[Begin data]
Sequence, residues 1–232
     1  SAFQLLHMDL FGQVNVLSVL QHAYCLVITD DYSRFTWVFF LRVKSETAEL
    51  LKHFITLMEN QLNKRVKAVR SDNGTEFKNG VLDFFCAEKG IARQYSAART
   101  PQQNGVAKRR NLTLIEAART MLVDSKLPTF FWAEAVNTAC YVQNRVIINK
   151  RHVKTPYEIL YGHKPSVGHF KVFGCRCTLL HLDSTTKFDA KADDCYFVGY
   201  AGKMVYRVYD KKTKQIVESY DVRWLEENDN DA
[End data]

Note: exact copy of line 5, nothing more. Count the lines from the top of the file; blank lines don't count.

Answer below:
   151  RHVKTPYEIL YGHKPSVGHF KVFGCRCTLL HLDSTTKFDA KADDCYFVGY